What would a realist account of social and cultural diversity look like? I have been claiming in a general way that a (realist) metatheoretical understanding of objectivity as a social achievement is necessary for a genuinely progressive social and cultural theory. In this chapter, I intend to substantiate that claim by showing how belief in objectivity can enable realists to develop a rich notion of cultural diversity as a social good and how it can help them ground their conception of ethics in a cogent theory of culture and society. It is in fact my account of the interdependence of moral and cultural processes that makes my realist version of multiculturalism stronger than the relativist or liberal versions I have examined. I understand multiculturalism as an aspect of a theory of social justice. This understanding draws upon specifically realist definitions of human agency, cultural identity, and moral knowledge--definitions that in principle leave room for objectivity as well as for error and mystification.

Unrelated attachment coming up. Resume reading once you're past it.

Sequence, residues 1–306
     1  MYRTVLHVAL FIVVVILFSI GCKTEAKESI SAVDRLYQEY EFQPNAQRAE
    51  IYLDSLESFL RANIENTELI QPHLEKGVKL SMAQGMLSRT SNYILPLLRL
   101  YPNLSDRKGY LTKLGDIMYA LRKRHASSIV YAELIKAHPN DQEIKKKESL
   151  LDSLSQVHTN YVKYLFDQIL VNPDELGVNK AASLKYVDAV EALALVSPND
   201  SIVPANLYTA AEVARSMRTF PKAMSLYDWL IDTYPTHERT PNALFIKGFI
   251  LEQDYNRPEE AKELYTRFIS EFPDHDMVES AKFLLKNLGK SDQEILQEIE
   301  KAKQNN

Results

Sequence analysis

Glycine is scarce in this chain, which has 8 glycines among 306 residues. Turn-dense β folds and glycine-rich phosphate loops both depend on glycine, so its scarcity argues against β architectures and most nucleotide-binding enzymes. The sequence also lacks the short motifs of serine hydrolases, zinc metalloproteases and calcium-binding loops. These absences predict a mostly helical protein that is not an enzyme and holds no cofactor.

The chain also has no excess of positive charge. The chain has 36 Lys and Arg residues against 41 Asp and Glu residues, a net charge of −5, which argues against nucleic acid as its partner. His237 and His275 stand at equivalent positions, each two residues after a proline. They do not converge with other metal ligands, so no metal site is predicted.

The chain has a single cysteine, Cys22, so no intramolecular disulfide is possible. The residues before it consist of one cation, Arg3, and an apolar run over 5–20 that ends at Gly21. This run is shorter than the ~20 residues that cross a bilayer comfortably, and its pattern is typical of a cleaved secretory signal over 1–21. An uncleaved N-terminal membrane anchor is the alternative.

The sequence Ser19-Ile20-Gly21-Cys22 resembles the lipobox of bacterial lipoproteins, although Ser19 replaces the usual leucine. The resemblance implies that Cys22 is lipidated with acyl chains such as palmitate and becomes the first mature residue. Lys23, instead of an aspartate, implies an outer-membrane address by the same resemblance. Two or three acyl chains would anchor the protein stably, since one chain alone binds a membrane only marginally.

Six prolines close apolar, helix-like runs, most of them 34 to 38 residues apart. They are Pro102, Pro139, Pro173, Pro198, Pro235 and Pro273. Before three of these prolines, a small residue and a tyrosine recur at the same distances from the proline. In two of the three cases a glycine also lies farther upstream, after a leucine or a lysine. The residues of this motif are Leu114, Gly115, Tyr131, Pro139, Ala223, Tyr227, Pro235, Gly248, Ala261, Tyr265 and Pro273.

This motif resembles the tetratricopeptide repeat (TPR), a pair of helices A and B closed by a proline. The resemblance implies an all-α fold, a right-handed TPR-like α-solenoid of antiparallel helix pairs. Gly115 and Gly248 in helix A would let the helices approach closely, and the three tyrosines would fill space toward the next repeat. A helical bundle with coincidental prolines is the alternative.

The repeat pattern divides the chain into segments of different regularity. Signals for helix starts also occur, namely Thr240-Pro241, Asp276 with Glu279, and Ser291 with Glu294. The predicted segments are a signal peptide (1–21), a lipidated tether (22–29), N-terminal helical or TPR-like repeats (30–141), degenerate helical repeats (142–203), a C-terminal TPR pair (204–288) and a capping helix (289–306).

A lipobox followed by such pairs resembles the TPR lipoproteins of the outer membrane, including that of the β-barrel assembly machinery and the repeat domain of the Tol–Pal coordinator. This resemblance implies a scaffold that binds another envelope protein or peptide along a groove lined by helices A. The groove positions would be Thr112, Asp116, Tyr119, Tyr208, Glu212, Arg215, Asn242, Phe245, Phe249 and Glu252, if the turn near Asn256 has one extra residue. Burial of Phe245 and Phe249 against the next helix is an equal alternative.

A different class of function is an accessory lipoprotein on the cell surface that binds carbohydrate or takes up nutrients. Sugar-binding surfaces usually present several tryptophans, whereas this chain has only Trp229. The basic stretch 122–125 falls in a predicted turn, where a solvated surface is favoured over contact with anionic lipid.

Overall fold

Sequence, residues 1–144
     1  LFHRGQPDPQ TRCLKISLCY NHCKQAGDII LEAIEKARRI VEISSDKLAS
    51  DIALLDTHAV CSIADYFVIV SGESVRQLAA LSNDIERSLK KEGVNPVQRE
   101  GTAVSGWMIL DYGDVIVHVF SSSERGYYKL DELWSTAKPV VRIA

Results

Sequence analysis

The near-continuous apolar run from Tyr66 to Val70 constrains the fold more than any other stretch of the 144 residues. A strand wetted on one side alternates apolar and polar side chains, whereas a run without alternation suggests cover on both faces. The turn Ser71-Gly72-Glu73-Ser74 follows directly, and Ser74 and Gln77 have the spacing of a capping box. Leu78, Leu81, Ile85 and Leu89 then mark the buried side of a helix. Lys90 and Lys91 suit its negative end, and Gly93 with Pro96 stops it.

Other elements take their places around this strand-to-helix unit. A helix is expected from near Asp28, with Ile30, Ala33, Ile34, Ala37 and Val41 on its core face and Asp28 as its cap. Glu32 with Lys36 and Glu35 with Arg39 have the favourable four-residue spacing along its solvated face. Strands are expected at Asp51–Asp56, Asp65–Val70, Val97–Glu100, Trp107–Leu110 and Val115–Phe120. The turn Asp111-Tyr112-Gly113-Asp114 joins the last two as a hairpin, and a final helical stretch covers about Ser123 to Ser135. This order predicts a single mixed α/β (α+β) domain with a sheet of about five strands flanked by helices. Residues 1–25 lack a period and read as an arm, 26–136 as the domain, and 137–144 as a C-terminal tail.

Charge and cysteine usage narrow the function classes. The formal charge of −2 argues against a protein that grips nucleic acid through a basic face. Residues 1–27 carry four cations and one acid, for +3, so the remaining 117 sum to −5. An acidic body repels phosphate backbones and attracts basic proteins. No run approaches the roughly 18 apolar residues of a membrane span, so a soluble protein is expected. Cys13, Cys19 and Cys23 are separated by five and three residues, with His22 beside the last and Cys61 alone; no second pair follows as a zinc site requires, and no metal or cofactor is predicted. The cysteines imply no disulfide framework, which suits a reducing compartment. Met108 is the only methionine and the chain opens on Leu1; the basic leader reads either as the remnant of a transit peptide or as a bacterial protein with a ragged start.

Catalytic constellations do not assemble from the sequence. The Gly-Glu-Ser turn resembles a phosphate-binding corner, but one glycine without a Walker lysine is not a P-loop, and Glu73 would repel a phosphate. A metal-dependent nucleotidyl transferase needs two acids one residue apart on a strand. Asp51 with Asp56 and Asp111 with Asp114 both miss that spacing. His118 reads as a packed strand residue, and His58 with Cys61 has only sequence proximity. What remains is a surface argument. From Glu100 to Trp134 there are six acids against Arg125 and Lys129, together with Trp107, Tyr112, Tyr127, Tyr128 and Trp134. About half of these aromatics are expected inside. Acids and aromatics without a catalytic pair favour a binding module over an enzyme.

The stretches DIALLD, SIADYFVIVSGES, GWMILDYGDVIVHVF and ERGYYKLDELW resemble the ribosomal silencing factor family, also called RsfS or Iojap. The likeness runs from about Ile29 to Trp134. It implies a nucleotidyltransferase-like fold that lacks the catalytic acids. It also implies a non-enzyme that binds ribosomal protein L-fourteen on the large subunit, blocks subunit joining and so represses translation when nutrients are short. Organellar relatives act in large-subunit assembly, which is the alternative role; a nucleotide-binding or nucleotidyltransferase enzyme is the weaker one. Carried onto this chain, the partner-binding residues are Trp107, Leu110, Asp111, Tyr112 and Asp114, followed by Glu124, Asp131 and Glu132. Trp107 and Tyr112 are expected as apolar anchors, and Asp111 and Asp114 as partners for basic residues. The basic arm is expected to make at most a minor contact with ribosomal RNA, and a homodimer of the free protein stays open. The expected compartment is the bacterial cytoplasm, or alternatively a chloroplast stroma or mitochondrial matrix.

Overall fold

The thesis about agency and personhood I introduced in. Chapter 5 was that in cross-cultural inquiry we should recognize one crucial limit to relativist arguments. No matter how different cultural Others are, they are never so different that they are--as typical members of their culture--incapable of acting purposefully, of evaluating their actions in light of their ideas and previous experiences, and of being "rational" in this minimal way. Without the capacity for such rational agency, I suggested, they would not be capable of social existence, since they could not develop the kind of adaptive mechanism that enables them to learn and survive, to possess a "history."